Right, so does this mean that N eyes + one Ko-shape is enough for the fugitive to live? (where N is the number of Detectives)

As @shinuito pointed out, there’s nothing to prevent cycling the board position, but repeating a board position for the third time (which could also happen due to passing), immediately ends the game. This forces the detectives to kill all of the fugitive stones outright, rather than getting into some sort of loop.

Perhaps, I think so.

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I’m fine with @yebellz being the fugitive as well, on 17x17.

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So, I’ll go with red

It looks like we’re all set with me being the fugitive on 17x17, so I’ll start the game soon.

As for timing, would 24 hour turns be okay with everyone? Actually, I think that we could proceed much quicker. If all of the detectives come to consensus on finishing their turn, just tag me with an @-mention and I’ll advance the turn. I will try to play my own turns much quicker than 24 hours (probably less than an hour, when I’m available).

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Ok, the first game has begun!

Detectives, please keep all discussion about strategy and tactics for that particular game within only that thread.

Rules clarification and general variant discussion can be held here.

If anyone wants to kibitz, please let me know, and I’ll add you to the kibitz thread.

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Maybe that could be reworded slightly to align with what you mentioned above. I was reading it like “If the board is the same as a board two turns ago then the fugitive wins”. Although now that I look at it, is two previous turns (2=1 detective+ 1 fugitive) or (2=2 detective+ 2 fugitive)?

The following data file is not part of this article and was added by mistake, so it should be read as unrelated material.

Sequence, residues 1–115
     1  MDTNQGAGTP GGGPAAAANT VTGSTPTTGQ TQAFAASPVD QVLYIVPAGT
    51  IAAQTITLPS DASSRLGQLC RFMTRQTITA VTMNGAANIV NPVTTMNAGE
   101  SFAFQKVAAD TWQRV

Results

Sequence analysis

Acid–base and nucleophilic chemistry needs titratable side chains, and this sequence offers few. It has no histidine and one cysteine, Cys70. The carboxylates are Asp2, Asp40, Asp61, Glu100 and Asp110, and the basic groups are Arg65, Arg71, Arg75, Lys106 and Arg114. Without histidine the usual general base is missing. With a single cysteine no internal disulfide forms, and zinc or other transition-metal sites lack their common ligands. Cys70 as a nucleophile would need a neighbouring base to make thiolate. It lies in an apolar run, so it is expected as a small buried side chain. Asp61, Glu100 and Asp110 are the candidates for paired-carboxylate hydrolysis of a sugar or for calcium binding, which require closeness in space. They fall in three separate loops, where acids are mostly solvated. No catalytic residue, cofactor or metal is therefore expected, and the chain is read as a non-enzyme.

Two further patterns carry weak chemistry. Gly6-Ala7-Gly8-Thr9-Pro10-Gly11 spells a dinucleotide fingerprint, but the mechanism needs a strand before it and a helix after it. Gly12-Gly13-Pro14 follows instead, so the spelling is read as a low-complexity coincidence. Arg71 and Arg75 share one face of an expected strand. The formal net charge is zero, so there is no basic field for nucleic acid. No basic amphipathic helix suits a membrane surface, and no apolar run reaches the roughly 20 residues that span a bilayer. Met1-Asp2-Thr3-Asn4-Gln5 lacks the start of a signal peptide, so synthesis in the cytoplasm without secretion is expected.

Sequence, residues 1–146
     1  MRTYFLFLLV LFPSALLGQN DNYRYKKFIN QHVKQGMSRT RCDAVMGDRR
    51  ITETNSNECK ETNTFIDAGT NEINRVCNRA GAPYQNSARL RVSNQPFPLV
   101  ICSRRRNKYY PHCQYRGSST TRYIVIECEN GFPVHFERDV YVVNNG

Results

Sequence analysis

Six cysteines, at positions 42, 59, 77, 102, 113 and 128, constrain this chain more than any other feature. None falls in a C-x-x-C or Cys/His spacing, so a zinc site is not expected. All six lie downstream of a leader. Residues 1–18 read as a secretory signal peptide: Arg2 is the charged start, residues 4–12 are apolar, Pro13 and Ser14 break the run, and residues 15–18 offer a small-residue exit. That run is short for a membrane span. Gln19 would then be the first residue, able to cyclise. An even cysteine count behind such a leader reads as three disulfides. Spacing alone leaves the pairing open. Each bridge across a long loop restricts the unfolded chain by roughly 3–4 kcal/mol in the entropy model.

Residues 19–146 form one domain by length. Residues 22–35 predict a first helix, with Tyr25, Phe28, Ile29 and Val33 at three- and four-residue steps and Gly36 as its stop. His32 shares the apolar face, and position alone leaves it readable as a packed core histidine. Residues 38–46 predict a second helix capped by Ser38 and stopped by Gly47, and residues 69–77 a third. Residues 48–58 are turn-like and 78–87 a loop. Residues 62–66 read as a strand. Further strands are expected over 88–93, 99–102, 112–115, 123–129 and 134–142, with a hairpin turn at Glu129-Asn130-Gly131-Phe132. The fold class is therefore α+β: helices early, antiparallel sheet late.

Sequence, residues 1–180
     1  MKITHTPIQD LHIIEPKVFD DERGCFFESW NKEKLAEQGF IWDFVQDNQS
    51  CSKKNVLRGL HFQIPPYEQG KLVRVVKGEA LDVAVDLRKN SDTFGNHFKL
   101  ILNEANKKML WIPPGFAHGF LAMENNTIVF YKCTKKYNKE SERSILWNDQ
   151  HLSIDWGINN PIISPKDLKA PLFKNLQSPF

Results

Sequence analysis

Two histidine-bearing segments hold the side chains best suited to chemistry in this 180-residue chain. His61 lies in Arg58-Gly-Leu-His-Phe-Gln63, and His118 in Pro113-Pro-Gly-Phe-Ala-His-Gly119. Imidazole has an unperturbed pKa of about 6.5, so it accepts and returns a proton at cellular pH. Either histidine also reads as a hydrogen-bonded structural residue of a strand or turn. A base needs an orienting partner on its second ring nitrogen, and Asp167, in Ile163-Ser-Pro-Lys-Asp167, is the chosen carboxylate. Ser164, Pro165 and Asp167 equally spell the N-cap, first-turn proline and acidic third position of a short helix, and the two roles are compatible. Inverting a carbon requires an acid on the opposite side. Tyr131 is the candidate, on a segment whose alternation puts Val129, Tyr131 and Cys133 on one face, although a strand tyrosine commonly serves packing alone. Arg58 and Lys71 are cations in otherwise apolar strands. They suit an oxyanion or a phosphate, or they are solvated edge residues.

What I was imagining could happen for example maybe the simplest case:

say 3 detectives: two detectives accidentally suicide in some fugitive eyes and the third takes a ko.

Then the fugitive retakes the ko and wins?

but repeating a board position for the third time

The bit about the third time is confusing :slight_smile:


A “turn” means a turn of play by either the detective team or the fugitive.

I think this would only cause the board to repeat a second time, which would not end the game.

  1. Board is state A before the detectives’ turn.
  2. Board changes to state B, with one detective taking a ko, while other detectives accidentally suicide a single stone (or get their move blocked by playing on top of a hidden fugitive stone).
  3. Fugitive reverts the board to state A by retaking the ko.

However, with the current wording, the game might also end if all of the detectives either accidentally suicide a single stone or fail to place a stone due to colliding with a hidden fugitive stone, since that would repeat the board state, and then the fugitive could just pass to repeat the board state a third time.

Maybe we should amend the rule to say:

The board position after a turn is the same as the board position after any three previous turns → Fugitive wins

Is that okay with everyone? Okay, I just went ahead and amended the rule (it only makes the game slightly harder for me).

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I guess one question is: According to the rules, does revealing a fugitive chain change the board state? (and hence prevent the “superko rule” from taking action. This would make sense to me because information is revealed to the detectives, which is a significant change)

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I was not envisioning it that way. I was thinking of “board state” as being the true board state that the fugitive sees.

Ultimately, the superko rule is just meant to prevent the game from possibly cycling somehow, and I did not mean for it to necessarily cause a premature game ending, so I’m flexible to amend that rule somehow.

How exactly would you express your proposed rule? What do the other players think?


I’d like to join the Kibitz thread :slight_smile: